Much like Shuten Doji (known in his boyhood as "Gedomaru," meaning "Apostate Boy"), who was famous for his good looks and received huge numbers of love-letters from the girls in the neighborhood, Ibaraki Doji was also said to be a very handsome youth, wooed by many young ladies in his area, leading his mother, anxious over his spiritual future, to send him off to Yahiko-jinja Shrine. One day, however, while he was home from Yahiko-jinja Shrine visiting his mother, she discovered a 'bloodstained love-letter' hidden away in his school trunk. When just one finger was dipped into that blood, Ibaraki instantly transformed into an oni, scampered up the ceiling beam, tore off the gable on the roof and ran away. Around that time, Gedomaru (that is, Shuten Doji) heard of a girl who had died of grief due to his failure to send a reply to her love-letter, and upon opening the tsuzura (package) included in her letter--which he had never read--a strange vapor rose from it, causing him to lose consciousness; when he came to, his transformation into an oni was already complete, so he fled from the temple and set his heart on reaching the very limits of evil.

Ibaraki Doji, who had found such a kindred spirit in Shuten Doji, also became his henchman, and together they began raiding the villages nearby; Ibaraki's mother, after hearing rumors of his misdeeds, draped herself in his baby clothes and appeared before him, which suddenly caused him to be flooded with memories of his childhood, so he vowed that 'never shall I set foot in this region again,' and together with Shuten Doji, began to make his way towards the capital (Kyoto), passing through Mt. Togakushi in Shinano (Nagano).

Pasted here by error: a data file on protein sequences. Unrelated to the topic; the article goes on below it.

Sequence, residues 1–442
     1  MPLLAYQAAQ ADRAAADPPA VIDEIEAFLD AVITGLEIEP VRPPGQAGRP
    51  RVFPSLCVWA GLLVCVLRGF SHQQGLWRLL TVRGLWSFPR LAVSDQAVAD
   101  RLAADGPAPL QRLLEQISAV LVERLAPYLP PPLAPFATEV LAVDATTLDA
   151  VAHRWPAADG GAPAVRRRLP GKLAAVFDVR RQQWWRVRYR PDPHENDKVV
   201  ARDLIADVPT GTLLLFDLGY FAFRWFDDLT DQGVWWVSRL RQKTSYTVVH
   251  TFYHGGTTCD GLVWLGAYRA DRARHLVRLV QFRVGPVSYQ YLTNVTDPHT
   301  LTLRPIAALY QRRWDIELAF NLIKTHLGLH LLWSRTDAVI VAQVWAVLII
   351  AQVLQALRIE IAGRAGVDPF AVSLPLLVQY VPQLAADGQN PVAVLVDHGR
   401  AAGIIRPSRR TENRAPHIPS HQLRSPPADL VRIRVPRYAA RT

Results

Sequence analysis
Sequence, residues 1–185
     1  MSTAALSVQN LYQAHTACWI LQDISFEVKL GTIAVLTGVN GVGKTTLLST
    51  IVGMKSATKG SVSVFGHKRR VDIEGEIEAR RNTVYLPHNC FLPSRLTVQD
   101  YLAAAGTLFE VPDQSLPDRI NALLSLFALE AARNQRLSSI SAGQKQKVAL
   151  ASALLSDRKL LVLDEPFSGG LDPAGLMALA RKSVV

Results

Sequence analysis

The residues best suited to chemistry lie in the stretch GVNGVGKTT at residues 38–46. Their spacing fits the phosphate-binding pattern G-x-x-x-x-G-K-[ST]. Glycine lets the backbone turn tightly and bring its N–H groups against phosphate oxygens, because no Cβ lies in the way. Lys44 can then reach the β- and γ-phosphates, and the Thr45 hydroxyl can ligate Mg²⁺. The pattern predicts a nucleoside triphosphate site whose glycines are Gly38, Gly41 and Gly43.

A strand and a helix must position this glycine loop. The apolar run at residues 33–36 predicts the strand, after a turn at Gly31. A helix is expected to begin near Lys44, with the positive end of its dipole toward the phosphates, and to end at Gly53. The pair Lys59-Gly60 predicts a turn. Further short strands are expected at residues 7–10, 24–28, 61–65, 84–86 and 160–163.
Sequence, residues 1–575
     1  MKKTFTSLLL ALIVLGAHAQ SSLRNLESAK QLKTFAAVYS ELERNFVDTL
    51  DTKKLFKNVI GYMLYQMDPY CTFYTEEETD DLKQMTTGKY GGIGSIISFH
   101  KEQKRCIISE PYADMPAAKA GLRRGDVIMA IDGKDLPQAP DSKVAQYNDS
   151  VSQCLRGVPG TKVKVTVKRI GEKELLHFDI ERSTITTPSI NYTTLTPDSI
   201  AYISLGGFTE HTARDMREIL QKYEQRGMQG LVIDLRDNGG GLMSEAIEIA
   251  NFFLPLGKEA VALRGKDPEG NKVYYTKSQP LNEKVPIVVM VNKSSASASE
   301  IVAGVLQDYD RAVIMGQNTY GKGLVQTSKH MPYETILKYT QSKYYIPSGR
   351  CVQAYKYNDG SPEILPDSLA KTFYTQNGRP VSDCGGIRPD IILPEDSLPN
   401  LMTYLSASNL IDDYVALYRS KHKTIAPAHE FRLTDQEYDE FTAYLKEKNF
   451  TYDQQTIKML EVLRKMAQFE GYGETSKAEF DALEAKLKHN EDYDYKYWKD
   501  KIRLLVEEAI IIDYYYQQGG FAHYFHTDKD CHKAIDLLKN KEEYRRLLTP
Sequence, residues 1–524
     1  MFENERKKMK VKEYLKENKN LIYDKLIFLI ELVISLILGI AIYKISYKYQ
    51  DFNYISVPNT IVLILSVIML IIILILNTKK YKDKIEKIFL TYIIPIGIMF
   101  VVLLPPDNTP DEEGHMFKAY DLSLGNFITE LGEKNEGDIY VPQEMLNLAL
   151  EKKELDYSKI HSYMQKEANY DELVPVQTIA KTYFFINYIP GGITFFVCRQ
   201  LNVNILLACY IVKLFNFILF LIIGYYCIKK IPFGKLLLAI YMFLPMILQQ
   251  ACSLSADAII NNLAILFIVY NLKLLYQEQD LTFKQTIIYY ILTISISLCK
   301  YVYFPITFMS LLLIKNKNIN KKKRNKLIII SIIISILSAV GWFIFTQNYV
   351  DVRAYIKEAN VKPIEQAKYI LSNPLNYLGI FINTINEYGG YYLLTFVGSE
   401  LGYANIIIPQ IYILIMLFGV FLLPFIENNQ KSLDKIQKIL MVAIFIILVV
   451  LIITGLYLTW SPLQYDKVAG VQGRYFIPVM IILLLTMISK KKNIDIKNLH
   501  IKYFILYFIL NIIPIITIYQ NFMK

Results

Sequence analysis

The theory that he was born in Settsu

Much as there are several competing theories about Shuten Doji's birthplace, including a compelling case that he was born at the foot of Mt. Ibuki, there are several about Ibaraki Doji's birthplace as well, like the view that he was born in Amagasaki City in Hyogo Prefecture or that which holds he was born in Ibaraki City in Osaka Prefecture; these competing theories are described in various documents, including the "Settsu meisho zue" (Illustrated Guide to Famous Places in Settsu Province), the "Setsuyo kensetsu," and the "Setsuyo gundan." According to the "Setsuyo gundan," published in 1701, he was born in the village of Tomimatsu in Settsu Province (the modern-day Amagasaki City, Hyogo Prefecture) and abandoned, while still in his baby clothes, in the village of Ibaraki (today's Ibaraki City), where he was picked up by Shuten Doji, who raised him and gave him the nickname "Ibaraki."

And in the "Setsuyo kensetsu" Ibaraki Doji is described as the child of natives of Tamematsu village in Kawabe county (which, like Tomimatsu, is part of modern-day Amagasaki City), but right from birth his teeth were all grown in, his hair long, his gaze piercing, and his strength beyond that of a fully grown man; consequently, his family were terrified of him and abandoned him near Ibaraki village in Shimashimo county, where he was picked up by Shuten Doji.